As the years passed, police pressure lapsed — at least partly because Mort himself stayed away from gambling for fear that it would taint his handicapping skills. He also forbade employees from wagering via office phone lines. But other pressures came to bear. The Gold Sheet’s circulation jumped to 20,000 by the late 1960s, and Mort’s responsibilities multiplied. A terrible delegator, he was the oddsmaker, the writer, the salesman and the CEO of his operation. The fruits of his labor are still visible at Gold Sheet headquarters: black binders, dating back to 1956 and bulging with brittle clippings. “I don’t know how Mort set the type, but I do know that he sweated all the games,” says Chuck Sippl.
Sitting on the edge of his bed in Ladera Heights or in the study of the home he eventually bought in Beverly Hills, Mort spent Sundays living and dying with every play, channel surfing during commercials and huddles. “The games had a profound effect on him,” says Gary Olshan, now sitting at his dad’s big old wooden desk in his cluttered Gold Sheet office, which has been intentionally left unchanged since Mort’s death. “When my dad’s teams did well, he took me to White Front in Ladera Heights and let me buy 10 records at a time — Beatles, Monkees, the Stones. That was a treat.”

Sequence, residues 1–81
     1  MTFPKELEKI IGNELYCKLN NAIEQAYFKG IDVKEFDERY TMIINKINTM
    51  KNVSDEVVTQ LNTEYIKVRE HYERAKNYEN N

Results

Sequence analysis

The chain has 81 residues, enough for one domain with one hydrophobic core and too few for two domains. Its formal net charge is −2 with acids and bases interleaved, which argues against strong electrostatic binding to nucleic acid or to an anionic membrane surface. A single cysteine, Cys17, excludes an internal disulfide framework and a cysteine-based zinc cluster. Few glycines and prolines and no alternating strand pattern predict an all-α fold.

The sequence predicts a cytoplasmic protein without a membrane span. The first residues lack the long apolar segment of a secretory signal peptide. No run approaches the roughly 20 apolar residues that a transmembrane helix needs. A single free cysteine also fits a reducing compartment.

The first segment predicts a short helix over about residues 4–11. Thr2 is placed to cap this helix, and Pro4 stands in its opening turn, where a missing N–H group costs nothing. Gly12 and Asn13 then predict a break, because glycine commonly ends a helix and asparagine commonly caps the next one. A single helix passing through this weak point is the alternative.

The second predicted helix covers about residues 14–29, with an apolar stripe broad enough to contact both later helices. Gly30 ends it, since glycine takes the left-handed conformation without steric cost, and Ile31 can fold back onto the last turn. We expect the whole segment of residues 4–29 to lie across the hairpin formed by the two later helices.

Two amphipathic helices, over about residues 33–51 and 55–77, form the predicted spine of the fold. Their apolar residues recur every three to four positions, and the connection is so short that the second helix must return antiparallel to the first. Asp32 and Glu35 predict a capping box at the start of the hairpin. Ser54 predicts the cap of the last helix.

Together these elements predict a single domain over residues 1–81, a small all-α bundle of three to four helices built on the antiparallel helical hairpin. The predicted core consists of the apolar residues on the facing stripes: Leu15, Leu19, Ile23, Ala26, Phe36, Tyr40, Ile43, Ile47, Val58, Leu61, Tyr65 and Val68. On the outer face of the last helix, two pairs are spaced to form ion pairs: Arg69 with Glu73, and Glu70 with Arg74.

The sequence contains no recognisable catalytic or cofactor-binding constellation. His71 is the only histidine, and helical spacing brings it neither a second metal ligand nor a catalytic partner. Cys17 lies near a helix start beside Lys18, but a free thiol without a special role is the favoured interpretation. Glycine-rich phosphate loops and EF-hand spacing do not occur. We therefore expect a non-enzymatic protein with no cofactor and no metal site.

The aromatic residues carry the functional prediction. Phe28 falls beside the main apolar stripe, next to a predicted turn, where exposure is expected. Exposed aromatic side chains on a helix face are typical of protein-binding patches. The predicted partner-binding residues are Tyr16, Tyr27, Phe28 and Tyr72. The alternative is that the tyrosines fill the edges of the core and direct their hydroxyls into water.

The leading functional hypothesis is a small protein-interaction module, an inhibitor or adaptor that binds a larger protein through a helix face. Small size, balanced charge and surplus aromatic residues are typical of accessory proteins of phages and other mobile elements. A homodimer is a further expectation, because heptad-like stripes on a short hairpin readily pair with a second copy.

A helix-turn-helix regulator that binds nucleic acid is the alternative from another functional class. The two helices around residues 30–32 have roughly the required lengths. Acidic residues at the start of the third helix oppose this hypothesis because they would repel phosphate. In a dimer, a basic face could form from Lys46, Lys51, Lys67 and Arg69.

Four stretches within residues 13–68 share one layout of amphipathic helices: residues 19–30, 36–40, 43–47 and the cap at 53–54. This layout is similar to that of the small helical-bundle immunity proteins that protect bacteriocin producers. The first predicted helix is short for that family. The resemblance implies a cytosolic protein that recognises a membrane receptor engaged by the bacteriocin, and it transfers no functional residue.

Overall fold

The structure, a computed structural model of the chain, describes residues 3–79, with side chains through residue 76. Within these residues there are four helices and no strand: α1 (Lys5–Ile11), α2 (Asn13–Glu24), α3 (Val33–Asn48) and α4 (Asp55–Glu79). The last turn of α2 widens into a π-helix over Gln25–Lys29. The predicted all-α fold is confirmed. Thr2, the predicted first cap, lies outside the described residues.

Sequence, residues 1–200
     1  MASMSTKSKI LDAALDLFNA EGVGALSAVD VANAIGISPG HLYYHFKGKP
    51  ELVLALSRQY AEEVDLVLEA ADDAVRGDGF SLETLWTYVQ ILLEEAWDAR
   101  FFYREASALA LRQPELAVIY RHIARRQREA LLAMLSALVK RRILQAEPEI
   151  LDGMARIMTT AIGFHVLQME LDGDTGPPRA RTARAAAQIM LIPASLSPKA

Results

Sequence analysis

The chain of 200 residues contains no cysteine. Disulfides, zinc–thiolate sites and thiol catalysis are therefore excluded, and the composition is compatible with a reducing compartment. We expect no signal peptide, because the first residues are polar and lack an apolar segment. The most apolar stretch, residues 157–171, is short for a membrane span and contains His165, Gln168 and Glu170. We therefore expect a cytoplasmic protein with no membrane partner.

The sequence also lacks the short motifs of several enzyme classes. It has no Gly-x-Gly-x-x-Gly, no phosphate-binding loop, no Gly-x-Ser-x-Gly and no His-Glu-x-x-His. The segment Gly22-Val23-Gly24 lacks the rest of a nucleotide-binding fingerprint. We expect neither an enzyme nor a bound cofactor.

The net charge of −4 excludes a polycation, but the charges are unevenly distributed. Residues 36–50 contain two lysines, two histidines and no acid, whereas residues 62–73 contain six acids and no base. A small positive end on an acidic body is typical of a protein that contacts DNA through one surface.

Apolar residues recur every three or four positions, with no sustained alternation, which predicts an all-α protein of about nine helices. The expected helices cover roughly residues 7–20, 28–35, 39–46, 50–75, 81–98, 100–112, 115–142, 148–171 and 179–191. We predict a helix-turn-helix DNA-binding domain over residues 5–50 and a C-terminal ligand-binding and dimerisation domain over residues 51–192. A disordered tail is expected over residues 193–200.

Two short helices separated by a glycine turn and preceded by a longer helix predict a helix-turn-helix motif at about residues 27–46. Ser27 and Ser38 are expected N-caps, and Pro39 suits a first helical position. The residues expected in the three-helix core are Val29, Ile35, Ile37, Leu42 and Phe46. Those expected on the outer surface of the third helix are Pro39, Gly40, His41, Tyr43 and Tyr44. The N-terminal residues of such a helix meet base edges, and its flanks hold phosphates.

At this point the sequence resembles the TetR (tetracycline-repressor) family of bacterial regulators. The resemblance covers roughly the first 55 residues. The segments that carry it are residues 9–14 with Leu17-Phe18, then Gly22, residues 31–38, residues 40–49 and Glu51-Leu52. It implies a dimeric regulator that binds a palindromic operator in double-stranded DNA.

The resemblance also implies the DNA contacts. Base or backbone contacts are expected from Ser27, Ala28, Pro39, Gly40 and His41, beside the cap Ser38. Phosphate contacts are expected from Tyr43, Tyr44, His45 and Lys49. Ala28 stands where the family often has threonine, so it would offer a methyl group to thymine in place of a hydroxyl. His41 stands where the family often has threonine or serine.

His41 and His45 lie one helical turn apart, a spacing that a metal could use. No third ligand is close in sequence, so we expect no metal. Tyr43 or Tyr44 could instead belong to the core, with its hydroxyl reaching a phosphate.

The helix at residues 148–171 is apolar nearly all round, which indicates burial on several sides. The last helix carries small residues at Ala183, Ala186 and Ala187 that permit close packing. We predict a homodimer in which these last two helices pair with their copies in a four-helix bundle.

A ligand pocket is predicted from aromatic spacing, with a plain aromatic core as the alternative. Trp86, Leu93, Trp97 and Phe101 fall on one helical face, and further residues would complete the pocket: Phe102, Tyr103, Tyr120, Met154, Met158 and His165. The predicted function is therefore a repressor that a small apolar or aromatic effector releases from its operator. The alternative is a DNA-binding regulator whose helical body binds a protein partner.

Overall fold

On bad days, though, it was a whole other story. “One bowl season,” Gary continues, “he lost a lot of games. We were on vacation, in Hawaii, and I remember him not talking. He dealt with losses by becoming introverted. For the entire vacation, literally, he hardly uttered a word. He was really tied into the success of the business.”